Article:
the assimilation of NH4' induces this translocation of photosynthates, the effect of MSX can be explained (Fig. 1). Recent studies on the assimilation of NH4' by plants strongly suggest that glutamine synthetase plays a dominant role in this process (14). Inhibition of this enzyme by the addition of MSX will cease the NH4' assimilation and thus the translocation of C-compounds. However, the uptake of NH4' was influenced by MSX (Table 2). This might be a result of inhibition of NH4' assimilation, but other influences of MSX, not coupled to this assimilation, cannot be excluded. On the other hand, a shortage of C-compounds can also be brought about by a decrease in photosynthetic activity of the plant. Such a decrease might be a result of NH4', if these ions reach the chloroplasts. The addition of MSX to the control plants does not affect acetylene reduction. In these plants, NH4', from N2 fixation, is assimilated in the root nodule. Inhibition of the assimilation (assuming that MSX reaches the nodule) will not influence the translocation of photosynthates, as is suggested to occur when the assimilation of added NH4' (probably in the roots) is inhibited. ACKNOWLEDGMENTS I thank E. G. Mulder for his helpful suggestions and stimulating discussions during the experiments. Thanks are also due to A. Houwers, E. van Velsen, and 0. van Geffen for growing the plant material and to W. Roelofsen for his assistance with the '5N analyses. The investigations were supported by the Foundation for Fundamental Biological Research (BION), which is subsidized by the Netherlands Organization for the Advancement of Pure Research (ZWO).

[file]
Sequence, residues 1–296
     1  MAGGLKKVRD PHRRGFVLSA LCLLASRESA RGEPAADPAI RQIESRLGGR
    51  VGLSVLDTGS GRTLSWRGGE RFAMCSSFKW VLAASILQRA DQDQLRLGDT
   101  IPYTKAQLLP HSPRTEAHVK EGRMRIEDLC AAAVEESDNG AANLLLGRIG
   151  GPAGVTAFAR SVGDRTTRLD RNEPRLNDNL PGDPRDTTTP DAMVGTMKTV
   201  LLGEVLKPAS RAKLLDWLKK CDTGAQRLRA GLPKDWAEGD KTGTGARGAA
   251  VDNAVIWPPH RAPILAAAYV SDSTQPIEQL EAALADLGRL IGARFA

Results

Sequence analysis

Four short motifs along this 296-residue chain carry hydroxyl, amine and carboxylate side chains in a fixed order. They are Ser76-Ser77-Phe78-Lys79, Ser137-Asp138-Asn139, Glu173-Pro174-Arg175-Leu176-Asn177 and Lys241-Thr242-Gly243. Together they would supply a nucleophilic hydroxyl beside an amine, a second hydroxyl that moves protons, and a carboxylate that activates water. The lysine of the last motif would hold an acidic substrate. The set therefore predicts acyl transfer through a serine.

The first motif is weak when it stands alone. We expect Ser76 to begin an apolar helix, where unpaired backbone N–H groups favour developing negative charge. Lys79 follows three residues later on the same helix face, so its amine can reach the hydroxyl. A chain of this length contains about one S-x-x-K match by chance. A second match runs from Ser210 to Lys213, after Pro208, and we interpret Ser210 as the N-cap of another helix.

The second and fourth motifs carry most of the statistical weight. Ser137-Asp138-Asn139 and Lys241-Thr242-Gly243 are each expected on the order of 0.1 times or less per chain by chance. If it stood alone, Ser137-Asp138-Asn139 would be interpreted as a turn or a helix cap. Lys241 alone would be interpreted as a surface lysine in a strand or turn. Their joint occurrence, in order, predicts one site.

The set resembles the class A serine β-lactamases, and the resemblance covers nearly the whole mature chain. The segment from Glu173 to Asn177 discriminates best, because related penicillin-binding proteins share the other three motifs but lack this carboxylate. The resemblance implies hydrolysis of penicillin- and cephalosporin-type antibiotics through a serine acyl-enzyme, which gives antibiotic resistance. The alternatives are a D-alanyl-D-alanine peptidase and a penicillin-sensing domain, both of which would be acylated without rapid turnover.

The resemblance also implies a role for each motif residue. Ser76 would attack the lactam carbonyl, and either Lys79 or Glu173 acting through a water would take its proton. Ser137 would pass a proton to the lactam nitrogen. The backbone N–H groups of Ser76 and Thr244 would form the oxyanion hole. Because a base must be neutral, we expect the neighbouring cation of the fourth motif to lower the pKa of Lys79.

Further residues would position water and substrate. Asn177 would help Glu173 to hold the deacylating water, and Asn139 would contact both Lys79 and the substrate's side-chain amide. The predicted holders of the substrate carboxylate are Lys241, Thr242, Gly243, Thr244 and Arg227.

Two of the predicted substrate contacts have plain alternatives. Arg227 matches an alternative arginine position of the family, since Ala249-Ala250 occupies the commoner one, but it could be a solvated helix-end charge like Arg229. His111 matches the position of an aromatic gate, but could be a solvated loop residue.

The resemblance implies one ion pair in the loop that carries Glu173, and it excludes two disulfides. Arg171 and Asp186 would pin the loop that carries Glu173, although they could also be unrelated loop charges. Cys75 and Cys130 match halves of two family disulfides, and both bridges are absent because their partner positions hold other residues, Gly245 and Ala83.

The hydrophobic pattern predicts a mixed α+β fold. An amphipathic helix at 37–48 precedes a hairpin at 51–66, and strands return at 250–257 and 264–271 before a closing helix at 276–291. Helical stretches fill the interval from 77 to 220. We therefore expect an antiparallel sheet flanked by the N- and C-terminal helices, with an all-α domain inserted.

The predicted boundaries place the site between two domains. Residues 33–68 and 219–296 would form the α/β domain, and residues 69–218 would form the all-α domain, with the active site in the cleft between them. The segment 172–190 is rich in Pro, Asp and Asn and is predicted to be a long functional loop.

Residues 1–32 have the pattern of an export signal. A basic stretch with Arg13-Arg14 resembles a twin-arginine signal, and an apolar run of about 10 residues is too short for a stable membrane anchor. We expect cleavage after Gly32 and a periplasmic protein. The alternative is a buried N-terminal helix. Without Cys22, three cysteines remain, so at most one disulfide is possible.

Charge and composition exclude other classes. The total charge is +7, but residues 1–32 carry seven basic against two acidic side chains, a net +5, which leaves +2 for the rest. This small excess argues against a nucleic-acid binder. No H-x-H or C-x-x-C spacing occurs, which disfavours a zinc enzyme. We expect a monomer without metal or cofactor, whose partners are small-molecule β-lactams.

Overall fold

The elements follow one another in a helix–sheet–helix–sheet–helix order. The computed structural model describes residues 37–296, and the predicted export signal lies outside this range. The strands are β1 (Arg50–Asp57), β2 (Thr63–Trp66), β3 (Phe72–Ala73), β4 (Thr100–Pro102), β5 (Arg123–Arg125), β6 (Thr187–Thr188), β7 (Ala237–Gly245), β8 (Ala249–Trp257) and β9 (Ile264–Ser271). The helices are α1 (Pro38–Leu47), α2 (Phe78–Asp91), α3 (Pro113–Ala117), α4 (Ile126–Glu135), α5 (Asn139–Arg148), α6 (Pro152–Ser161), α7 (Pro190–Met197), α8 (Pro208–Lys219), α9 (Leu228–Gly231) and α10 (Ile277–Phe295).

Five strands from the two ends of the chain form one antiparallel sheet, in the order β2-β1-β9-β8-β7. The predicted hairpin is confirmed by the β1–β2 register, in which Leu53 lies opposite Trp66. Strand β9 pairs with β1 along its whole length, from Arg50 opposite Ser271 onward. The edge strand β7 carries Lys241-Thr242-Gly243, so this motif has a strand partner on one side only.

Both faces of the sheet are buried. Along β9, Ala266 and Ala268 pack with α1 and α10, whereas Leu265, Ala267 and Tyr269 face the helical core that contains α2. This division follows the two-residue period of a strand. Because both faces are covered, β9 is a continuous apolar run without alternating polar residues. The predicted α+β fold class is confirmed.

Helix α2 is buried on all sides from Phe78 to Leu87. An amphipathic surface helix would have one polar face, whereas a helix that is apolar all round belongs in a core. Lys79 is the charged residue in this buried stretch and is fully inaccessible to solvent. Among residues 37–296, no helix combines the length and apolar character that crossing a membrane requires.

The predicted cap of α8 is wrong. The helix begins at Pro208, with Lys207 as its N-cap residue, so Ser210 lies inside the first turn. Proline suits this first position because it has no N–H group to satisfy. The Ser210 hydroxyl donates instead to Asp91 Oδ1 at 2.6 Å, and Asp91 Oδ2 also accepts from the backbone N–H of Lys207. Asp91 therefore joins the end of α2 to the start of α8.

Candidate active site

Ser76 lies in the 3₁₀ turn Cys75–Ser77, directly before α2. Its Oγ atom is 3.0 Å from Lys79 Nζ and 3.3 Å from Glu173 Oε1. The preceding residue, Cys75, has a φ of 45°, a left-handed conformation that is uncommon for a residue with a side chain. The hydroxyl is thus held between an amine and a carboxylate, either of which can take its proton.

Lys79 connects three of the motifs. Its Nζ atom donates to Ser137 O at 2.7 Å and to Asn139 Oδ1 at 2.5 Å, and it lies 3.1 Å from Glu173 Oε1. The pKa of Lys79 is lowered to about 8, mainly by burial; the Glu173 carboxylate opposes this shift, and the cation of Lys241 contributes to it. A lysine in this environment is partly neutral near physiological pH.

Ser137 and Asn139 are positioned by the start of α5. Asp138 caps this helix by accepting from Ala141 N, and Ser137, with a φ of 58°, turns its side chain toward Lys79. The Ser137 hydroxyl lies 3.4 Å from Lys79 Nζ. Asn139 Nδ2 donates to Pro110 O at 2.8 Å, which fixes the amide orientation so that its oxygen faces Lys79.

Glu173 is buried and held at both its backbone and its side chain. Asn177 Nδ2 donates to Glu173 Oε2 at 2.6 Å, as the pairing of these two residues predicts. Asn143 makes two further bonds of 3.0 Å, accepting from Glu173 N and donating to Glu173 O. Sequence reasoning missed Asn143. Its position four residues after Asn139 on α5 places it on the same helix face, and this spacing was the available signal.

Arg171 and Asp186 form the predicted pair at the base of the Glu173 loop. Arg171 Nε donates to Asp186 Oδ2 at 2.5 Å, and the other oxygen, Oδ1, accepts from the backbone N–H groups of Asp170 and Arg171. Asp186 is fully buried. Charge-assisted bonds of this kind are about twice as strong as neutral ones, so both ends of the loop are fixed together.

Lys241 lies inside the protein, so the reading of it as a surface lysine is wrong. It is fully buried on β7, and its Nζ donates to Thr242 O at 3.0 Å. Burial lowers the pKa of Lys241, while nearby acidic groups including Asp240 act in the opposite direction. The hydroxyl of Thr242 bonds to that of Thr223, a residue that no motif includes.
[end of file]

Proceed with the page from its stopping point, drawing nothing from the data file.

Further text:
LITERATURE CITED 1. Bishop, P. E., J. G. Guevara, J. A. Engelke, and H. J. Evans. 1976. Relation between glutamine synthetase and nitrogenase activities in the symbiotic association between Rhizobiumjaponicum and Glycine max. Plant

Physiol. 57:542-546. 2. Brenchley, J. E. 1973. Effect of methionine sulfoximine and methionine sulfone on glutamate synthesis in KlebsieUa aerogenes. J. Bacteriol. 114:666-673. 2a.Bisseling, T., R. C. van den Bos, and A. van Kammen. 1978. The effect of ammonium nitrate on the synthesis of nitrogenase and the concentration of leghemoglobin

3. 4. 5.